by FARA AISYAH & RAHIMI YUNUS/ pic by HUSSEIN SHAHARUDDIN
THE property prices in Malaysia will not be affected by the influx of Hong Kong buyers in the country although they are driving demand in the country’s real estate market.
According to Asiacap Valuer & Property Consultants Sdn Bhd property valuer Kit Au Yong, these buyers will not be able to absorb enough supply to move the market, unless the purchases surge like when the mainland Chinese came to acquire the units in Forest City, Johor.
“I doubt it can change the equilibrium of the market very much, based on the fact that Hong Kong is not a largely populated area like China,” he told The Malaysian Reserve.
In addition, he said the floor price of RM1 million is required for the Hong Kong buyers, and such sector certainly needs more demand today.
Au Yong said although there is certainly an increase of interest from Hong Kongers, it might be too soon to assess whether it has translated into sales.
VPC Alliance (KL) Sdn Bhd MD James Wong concurred that buyers from the Pearl of the Orient will not hike Malaysian house prices.
“There is a huge glut of homes in the country, and Hong Kongers are purchasing only a small fraction of this glut. It will not affect the overall oversupply situation in the residential market.
“They are also discerning buyers who have many friends, relatives and business associates in Malaysia, so they will check and compare the prices before buying,” he said.
Wong added that these buyers are not being treated any more special than local buyers as they are being offered the same discount and packages in the high-end market.
Juwai.com — the No 1 Chinese international real estate portal — said there has been a steady increase in demand from Hong Kong-based buyers wanting to invest in properties in Malaysia even as demand from China remains strong.
Juwai.com executive chairman Georg Chmiel said official Hong Kong government data shows that the number of locals seeking police checks has surged by 48%.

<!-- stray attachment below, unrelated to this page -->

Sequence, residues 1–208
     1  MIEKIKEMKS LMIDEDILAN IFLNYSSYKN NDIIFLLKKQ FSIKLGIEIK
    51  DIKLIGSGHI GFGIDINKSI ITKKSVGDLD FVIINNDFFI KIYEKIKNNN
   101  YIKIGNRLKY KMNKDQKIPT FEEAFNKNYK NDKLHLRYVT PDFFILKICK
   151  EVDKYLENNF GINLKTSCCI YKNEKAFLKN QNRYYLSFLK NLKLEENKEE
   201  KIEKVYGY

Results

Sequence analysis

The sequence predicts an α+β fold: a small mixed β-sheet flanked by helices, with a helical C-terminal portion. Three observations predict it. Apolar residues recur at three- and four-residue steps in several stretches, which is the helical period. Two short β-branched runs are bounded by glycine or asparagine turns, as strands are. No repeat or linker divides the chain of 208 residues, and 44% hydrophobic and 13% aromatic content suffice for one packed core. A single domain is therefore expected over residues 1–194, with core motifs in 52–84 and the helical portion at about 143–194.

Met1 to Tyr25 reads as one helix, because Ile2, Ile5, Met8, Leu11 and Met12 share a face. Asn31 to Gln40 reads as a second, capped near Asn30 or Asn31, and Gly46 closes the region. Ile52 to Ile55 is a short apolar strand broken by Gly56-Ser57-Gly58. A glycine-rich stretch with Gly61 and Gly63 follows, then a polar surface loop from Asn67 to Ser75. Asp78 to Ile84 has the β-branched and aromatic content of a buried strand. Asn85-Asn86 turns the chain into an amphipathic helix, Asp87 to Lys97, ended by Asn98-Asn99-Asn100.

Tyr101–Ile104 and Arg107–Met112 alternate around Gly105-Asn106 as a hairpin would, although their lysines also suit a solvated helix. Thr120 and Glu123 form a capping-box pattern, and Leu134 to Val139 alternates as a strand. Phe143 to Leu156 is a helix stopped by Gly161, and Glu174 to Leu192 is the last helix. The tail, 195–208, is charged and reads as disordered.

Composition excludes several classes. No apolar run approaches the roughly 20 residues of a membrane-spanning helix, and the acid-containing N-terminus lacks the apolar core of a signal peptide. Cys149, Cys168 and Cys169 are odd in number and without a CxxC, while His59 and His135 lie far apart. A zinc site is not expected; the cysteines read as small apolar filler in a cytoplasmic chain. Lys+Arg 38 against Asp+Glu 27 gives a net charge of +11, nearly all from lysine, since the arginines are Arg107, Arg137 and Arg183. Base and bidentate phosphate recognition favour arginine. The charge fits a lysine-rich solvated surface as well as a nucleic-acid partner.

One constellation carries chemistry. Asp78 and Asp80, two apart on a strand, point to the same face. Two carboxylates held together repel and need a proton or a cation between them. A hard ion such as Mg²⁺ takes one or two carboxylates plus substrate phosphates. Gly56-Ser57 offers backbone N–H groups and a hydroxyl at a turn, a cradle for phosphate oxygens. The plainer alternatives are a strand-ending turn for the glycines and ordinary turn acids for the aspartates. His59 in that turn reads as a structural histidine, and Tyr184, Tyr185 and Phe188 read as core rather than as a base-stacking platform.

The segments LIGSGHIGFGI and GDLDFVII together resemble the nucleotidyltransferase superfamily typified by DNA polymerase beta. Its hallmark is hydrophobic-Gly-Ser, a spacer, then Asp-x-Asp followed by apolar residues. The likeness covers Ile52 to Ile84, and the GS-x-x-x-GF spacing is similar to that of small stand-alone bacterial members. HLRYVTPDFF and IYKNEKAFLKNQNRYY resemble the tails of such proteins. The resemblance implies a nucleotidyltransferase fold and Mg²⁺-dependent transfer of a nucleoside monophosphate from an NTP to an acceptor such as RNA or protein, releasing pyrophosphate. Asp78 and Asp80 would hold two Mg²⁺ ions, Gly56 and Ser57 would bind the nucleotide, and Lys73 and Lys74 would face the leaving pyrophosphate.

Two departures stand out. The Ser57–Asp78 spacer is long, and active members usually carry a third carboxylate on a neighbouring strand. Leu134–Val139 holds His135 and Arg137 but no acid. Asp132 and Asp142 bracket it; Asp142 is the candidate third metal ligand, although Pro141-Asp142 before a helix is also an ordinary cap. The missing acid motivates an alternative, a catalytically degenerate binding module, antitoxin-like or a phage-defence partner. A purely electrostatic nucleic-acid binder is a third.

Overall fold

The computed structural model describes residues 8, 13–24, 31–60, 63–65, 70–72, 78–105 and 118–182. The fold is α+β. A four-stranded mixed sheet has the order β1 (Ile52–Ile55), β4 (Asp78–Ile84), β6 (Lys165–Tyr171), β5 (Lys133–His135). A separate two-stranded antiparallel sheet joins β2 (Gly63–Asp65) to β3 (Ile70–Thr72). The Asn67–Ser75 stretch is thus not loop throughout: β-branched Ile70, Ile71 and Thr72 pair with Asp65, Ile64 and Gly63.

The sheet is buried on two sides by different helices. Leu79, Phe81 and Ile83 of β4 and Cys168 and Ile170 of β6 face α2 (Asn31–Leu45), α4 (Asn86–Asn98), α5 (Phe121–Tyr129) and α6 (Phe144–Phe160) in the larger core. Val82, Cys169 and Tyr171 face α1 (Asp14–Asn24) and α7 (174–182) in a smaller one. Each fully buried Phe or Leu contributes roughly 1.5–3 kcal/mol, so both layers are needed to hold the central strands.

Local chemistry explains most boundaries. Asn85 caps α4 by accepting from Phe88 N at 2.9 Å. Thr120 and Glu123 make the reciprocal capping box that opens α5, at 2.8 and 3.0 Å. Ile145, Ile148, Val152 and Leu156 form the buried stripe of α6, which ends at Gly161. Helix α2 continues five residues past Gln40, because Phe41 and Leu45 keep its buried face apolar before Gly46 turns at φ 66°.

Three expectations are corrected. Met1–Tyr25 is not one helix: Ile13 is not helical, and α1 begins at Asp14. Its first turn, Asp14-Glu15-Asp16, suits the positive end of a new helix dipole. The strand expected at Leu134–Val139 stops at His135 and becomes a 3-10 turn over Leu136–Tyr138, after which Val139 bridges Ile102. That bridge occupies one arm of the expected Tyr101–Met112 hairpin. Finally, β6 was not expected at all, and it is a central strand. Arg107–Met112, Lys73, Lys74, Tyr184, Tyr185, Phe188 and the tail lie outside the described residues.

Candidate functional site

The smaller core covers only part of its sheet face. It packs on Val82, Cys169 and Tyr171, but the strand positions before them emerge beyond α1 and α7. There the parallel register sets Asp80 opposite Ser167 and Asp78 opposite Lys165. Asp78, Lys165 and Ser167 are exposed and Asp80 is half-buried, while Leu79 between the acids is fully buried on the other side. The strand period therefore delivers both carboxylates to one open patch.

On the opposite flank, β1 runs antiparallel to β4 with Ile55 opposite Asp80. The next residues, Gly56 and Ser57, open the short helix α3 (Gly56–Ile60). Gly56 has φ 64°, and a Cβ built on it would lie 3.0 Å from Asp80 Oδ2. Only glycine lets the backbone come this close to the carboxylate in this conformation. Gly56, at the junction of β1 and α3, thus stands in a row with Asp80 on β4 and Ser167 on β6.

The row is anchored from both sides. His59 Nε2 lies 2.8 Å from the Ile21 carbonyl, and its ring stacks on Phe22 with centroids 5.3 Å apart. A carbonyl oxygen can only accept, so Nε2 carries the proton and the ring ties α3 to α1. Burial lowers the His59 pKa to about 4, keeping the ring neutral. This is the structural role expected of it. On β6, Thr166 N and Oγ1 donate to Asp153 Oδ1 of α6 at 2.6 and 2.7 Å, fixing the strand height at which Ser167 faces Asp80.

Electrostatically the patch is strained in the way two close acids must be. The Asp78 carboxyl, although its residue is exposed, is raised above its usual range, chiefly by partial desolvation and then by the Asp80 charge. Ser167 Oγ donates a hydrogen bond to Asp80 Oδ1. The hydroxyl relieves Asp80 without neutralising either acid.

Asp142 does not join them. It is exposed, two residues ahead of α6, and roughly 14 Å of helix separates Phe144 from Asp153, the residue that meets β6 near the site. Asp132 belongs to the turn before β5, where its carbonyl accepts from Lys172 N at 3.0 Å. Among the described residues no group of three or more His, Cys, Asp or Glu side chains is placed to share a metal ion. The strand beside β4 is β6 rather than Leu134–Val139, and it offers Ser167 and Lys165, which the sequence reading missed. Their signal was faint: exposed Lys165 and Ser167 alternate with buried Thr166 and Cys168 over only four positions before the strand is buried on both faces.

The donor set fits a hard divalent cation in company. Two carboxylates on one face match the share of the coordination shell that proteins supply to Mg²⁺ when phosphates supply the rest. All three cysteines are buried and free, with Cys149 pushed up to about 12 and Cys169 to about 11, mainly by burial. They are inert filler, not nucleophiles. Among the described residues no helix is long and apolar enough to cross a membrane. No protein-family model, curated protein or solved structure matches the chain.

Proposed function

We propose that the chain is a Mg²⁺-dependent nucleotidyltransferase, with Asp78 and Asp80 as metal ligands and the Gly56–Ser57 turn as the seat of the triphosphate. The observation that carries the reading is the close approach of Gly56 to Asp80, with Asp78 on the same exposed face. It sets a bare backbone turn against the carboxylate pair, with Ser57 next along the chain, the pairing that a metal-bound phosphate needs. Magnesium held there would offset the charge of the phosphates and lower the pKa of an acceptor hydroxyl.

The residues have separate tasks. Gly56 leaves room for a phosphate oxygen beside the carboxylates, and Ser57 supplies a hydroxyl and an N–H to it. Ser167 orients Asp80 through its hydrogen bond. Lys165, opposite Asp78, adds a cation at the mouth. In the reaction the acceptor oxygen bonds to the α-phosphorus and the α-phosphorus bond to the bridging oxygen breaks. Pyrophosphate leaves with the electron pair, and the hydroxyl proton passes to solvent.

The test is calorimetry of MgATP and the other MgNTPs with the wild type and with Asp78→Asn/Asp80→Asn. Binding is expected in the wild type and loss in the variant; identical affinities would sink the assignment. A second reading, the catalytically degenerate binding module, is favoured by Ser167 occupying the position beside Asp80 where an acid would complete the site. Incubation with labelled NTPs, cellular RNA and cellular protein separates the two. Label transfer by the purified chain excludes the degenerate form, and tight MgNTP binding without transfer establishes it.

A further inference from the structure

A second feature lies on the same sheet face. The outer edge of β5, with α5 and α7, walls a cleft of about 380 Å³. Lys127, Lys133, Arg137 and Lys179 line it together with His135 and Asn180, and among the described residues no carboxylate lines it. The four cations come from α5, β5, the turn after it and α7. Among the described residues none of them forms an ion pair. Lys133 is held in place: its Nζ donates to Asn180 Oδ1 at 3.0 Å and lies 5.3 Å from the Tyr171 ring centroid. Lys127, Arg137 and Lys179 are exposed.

“These ‘good citizenship’ documents certifying that they do not have a criminal record are crucial to enable them to
apply for the Malaysia My Second Home Programme (MM2H) and other foreign visas. Applications increased 12% in June, 41% in July and 48% in the first two weeks of August.
“This is evident that many Hong Kongers truly are seeking to move to Malaysia for work or education. This will inevitably create new economic ties between Malaysia and Greater China,” he said.
He added that the data does not show with certainty that people are applying for these police checks for their foreign visa applications, nor specifically that all are applying for visas in Malaysia.
However, he said it is rare to seek these documents for any other purpose, and Malaysia is the top destination for Hong Kong buyers.
Chmiel said the top searched areas for mainland and Hong Kong buyers are Kuala Lumpur (KL), Penang and Johor Baru.
As such, he said, the delay in clearing the visa applications and the lack of information on when the new MM2H applications would be approved need to be significantly improved.
“We hope that with the upcoming Budget 2020, set to be announced in October, the government will look into reviewing the scheme to make it more appealing so that it can contribute to Malaysia’s international image and its future economic growth.
“Malaysia is a great investment destination, yet fewer than 3% of Malaysian properties are owned by foreign buyers. There is great potential to lure more investors and residents to grow the economy and ease the current glut in the property sector,” Chmiel said.